Washington Post Lifts Veil Further on CIA’s Global Response Staff, Raymond Davis

Greg Miller and Julie Tate provide some fascinating reading in today’s Washington Post, where they provide many new details on the CIA’s Global Response Staff and reveal that its most famous (probably now former) member is Raymond Davis.

One thing that we learn is that members of the GRS typically are contractors and that they are paid a “lucrative” salary around $140,000, but with no benefits. I suppose an argument can be made that by hiring contractors, the CIA has an extra layer of deniability, but it still strikes me as completely heartless and stark that people with such important missions and at such high risk are treated in a way that nonprofit foundations have to exist to provide for school expenses for the surviving children when these operatives die while on duty.

What I want to concentrate on here, though, is the description of what GRS does and how that might give us new insight into the Raymond Davis incident. Here are Miller and Tate on what GRS does:

The GRS, as it is known, is designed to stay in the shadows, training teams to work undercover and provide an unobtrusive layer of security for CIA officers in high-risk outposts.

/snip/

CIA veterans said that GRS teams have become a critical component of conventional espionage, providing protection for case officers whose counterterrorism assignments carry a level of risk that rarely accompanied the cloak-and-dagger encounters of the Cold War.

Spywork used to require slipping solo through cities in Eastern Europe. Now, “clandestine human intelligence involves showing up in a Land Cruiser with some [former] Deltas or SEALs, picking up an asset and then dumping him back there when you are through,” said a former CIA officer who worked closely with the security group overseas.

Bodyguard details have become so essential to espionage that the CIA has overhauled its training program at the Farm — its case officer academy in southern Virginia — to teach spies the basics of working with GRS teams.

I have always been troubled by the Raymond Davis incident, trying to understand why Davis would have been seen as a target worthy of attacking in the middle of a busy and highly populated urban site. But now I wonder whether Davis was by himself when the incident started. If he was providing security to a high value target, that would provide a much better explanation for why his vehicle was attacked. Also, recall that a Toyota Land Cruiser rushed to the scene from the Lahore consulate, killing a third Pakistani when it went the wrong way down a one-way street. The whole Davis incident would make more sense to me if this Land Cruiser picked up the high value target and, most likely, a second GRS protector and took them back to the Lahore consulate. Recall that as Marcy pointed out, John Kerry subsequently smuggled the Land Cruiser driver out of Pakistan. Did he also remove the high value target and the other GRS protector?

One final note. The article addresses recruitment for GRS, stating “The work is lucrative enough that recruiting is done largely by word of mouth”. I had previously speculated that Davis was a CIA recruiter, but given the GRS duties we now know, the types of recruiting targets I described fit even better into GRS jobs.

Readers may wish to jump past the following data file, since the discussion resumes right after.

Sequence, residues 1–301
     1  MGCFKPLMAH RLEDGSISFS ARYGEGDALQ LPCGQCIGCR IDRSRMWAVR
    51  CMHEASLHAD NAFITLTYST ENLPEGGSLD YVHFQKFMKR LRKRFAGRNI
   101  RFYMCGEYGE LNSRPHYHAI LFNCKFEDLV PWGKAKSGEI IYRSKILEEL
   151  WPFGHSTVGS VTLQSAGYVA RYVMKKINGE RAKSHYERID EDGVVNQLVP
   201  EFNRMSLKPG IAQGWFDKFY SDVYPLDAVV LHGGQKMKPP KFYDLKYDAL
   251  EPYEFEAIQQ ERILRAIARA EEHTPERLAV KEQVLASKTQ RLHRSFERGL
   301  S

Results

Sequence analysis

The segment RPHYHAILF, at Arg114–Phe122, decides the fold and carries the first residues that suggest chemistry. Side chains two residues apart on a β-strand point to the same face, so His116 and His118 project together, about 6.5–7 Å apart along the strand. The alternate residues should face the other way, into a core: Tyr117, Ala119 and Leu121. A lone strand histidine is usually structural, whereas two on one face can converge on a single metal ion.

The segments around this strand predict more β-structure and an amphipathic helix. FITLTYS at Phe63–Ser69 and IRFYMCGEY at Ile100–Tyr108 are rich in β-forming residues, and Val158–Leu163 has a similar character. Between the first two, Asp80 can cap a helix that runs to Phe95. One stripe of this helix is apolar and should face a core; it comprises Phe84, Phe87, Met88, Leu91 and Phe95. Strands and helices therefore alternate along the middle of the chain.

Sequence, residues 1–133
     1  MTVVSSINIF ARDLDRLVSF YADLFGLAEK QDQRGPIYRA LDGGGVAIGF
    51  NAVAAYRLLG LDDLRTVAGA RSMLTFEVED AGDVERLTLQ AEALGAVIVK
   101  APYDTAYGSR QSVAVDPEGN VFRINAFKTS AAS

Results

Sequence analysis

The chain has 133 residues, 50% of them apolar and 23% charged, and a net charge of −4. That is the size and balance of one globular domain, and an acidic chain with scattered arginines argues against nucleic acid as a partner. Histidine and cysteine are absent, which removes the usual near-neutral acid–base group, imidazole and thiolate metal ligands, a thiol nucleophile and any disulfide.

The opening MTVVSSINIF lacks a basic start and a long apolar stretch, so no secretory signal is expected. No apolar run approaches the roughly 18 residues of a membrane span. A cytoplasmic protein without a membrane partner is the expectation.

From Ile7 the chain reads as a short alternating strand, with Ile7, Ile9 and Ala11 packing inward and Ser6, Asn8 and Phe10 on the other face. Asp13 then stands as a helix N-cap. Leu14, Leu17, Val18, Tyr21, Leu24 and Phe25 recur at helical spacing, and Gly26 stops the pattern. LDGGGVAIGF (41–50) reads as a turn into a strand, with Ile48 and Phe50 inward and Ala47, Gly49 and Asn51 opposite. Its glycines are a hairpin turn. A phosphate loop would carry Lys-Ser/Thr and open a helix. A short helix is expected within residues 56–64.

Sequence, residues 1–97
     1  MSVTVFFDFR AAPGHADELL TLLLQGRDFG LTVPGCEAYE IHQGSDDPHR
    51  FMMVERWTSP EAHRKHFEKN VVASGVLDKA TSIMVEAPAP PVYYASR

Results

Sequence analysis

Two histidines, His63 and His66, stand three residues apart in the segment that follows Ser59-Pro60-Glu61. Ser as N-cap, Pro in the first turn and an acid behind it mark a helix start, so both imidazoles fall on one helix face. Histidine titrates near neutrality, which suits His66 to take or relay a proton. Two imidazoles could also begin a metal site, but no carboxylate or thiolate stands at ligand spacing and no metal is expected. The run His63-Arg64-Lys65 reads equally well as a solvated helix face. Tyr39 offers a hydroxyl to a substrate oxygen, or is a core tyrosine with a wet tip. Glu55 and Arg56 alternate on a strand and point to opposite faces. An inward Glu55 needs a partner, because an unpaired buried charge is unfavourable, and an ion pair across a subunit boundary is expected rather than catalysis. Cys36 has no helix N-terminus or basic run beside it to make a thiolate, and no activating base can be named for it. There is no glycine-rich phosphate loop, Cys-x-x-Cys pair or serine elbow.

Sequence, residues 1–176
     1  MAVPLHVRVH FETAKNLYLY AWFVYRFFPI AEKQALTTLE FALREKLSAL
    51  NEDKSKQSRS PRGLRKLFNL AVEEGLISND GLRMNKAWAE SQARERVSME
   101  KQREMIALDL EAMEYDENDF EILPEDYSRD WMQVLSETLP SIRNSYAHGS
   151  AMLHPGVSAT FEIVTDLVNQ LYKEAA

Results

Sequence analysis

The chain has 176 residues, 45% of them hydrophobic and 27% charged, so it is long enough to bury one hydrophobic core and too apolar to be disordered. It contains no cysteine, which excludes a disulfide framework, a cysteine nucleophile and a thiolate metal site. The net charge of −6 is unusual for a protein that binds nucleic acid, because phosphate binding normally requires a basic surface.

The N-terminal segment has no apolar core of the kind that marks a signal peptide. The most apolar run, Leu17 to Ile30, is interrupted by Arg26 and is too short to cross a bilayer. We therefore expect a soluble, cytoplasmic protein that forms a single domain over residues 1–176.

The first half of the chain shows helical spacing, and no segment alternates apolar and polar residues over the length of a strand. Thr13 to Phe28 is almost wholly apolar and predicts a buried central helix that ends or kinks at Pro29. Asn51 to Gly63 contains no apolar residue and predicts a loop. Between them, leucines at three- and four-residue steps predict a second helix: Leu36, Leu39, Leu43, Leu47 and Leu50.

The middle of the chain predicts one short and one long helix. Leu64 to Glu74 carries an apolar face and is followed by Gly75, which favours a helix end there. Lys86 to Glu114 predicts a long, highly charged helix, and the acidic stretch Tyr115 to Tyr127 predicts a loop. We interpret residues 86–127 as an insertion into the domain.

Tweet about this on Twitter0Share on Reddit0Share on Facebook0Google+0Email to someone

12 Responses to Washington Post Lifts Veil Further on CIA’s Global Response Staff, Raymond Davis

  • 1
  • 2
  • 3
  • 4
  • 5
  • 6
  • 7
  • 8
  • 9
  • 10
  • 11
  • 12
Emptywheel Twitterverse
emptywheel @KevinOfMI Your bike will get jealous.
37mreplyretweetfavorite
emptywheel @nickmanes1 Oh, I prefer EWR to LGA. But traveling GRR>ORD>EWR LGA>ORD>GRR is a good way to remind NYC forfeits world status on airports
40mreplyretweetfavorite
emptywheel @nickmanes1 In fact, O'Hare is not bad if you're actually GOING to Chicago (especially if Amtrak's tracks are frozen).
45mreplyretweetfavorite
emptywheel Absolute worst is connecting THROUGH OHare to LGA. RT @nickmanes1: Everyone hates O'Hare until they go to LaGuardia. http://t.co/65bYD3T139
46mreplyretweetfavorite
emptywheel RT @matthewstoller: 27. This is cultural deforestation. It is no surprise that the winds of fascism can then blow easily onto such a denude…
1hreplyretweetfavorite
emptywheel @astepanovich Not if Congress gets its way! Bring on the immunity!!!
3hreplyretweetfavorite
JimWhiteGNV RT @the_intercept: How gun violence compares with "domestic terror" as a threat to Americans: http://t.co/dIgIWQYQdB http://t.co/GmFp7Rr8zc
3hreplyretweetfavorite
JimWhiteGNV @pastordan Time to bake more and put them into protective custody!
3hreplyretweetfavorite
emptywheel @AllThingsHLS It's that kind of cold that makes us resilient at the most important moments. ;p
3hreplyretweetfavorite
emptywheel @astepanovich Right: Sue loudly, 3 months late, as a way to avoid your own liability?
3hreplyretweetfavorite
emptywheel @AllThingsHLS You're going on Twitter where most are on E Coast/MW & claiming 41° is cold? It's been months since some of us have see that
3hreplyretweetfavorite
emptywheel @PGEddington Not least bc this looks counterproductive. @WhiteHouse
3hreplyretweetfavorite
December 2012
S M T W T F S
« Nov   Jan »
 1
2345678
9101112131415
16171819202122
23242526272829
3031